Bitcoin – the biggest cryptocurrency – hit an all-time high of $64,863 back in April.

  • HOW DOES BITCOIN WORK?

    To process Bitcoin transactions, a procedure called “mining” must take place, which involves a computer solving a difficult mathematical problem with a 64-digit solution.

    For each problem solved, one block of Bitcoin is processed. In addition, the miner is rewarded with new Bitcoin.

    To compensate for the growing power of computer chips, the difficulty of the puzzles is adjusted to ensure a steady stream of new Bitcoins are produced each day.

    There are currently about 21million Bitcoin tokens in existence.

    To receive a Bitcoin, a user must have a Bitcoin address – a string of 27-34 letters and numbers – which acts as a kind of virtual postbox.

  • BITCOIN ‘ERRATIC PRICE’ WARNING

    Bitcoin’s place in any investment portfolio “remains highly contested… because of its erratic price movements”, warns Alain Bokobza, an analyst at Societe Generale.

    The Times explains that Bitcoin was released in 2009 with the goal of becoming a decentralised digital currency, out-of-reach of government institutions.

    In May 2021 Beijing banned China-based finance firms from providing services related to crypto.

    Bitcoin “went on a wild ride the next day, falling by as much 31 per cent,” the Times adds.

  • CONTINUED

    «Jia says that she bought about 80 bucks worth of bitcoin for this drug purchase, and she knows that there was bitcoin left over,» said host Alex Goldman.

    «But, in the 6 years since the original purchase, she has totally forgotten what happened to the bitcoin.»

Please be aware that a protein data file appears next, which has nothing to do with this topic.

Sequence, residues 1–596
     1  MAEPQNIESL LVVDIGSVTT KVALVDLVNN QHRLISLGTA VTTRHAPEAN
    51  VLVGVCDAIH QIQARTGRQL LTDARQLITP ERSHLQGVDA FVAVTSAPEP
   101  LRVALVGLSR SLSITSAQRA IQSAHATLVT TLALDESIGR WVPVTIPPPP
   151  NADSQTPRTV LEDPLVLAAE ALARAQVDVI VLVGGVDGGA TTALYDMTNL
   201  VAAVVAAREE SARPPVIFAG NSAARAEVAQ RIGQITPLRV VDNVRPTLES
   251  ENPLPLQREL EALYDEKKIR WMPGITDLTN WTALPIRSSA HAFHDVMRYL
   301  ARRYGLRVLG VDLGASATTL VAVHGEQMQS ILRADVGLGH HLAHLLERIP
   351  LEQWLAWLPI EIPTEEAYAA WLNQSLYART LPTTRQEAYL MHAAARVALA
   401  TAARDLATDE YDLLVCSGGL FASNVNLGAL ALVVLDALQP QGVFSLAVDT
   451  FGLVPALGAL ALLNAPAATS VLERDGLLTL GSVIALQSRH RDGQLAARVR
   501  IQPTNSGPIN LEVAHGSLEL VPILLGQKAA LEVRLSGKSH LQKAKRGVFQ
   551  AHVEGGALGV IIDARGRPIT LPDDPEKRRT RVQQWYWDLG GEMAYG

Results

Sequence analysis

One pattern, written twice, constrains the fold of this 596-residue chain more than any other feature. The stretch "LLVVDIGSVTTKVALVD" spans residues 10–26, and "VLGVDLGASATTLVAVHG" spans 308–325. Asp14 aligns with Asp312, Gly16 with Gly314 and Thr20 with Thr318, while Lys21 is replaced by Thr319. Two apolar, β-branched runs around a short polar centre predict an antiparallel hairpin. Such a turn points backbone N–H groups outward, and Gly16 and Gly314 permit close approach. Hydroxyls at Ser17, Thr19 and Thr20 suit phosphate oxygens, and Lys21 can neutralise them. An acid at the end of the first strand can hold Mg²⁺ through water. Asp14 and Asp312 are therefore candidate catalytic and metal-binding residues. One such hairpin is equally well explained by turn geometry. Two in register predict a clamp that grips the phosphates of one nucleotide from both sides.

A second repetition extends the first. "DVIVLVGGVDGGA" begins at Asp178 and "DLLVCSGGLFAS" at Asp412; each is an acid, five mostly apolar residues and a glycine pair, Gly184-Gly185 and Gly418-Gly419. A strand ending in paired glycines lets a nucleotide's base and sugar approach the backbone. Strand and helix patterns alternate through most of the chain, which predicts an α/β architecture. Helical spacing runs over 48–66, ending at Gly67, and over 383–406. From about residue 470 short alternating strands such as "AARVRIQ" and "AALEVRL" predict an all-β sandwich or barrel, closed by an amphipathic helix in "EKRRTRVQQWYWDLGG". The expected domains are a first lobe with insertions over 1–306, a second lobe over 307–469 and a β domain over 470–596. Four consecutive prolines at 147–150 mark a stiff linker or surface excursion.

Today – the 17.5 coins she purchased at the time are now worth £456,253.

    Thinking she could be sitting on a small fortune, the Super Tech Support team on the show put their heads together to try and track down her missing riches, which was worth around £200,000 at the time.

    However, what they found was she had spent nearly all of her Bitcoin buying drugs on Dark Web marketplace Silk Road.

  • WOMAN USED BITCOIN FORTUNE TO BUY DRUGS

    An author was horrified to find out she spent nearly £500,000 worth of Bitcoin buying drugs on dark web.

    Bitcoin continues to fluctuate in price as the volatile cryptocurrency last week plunged to just 50% of its record high – hitting lows of just £21,000.

    The Sun Online has been looking at some cautionary tales from the world of crypto – and one such story was told by Jia Tolentino.

    Ms Tolentino, 32, a staff writer for New Yorker and a published author, revealed her own Bitcoin horror story when appearing on the Reply All tech podcast in 2018.

    She contacted the show as she remembered buying around £50 ($80) worth of Bitcoin in 2012 while exploring the Dark Web – but wasn’t sure what had happened to her stash after changing laptops.

  • WHAT ARE THE RISKS?

    Investors in cryptocurrency products and services, such as Bitcoin SuperSplit and Bitcoin Rejoin, should be prepared to lose all their money.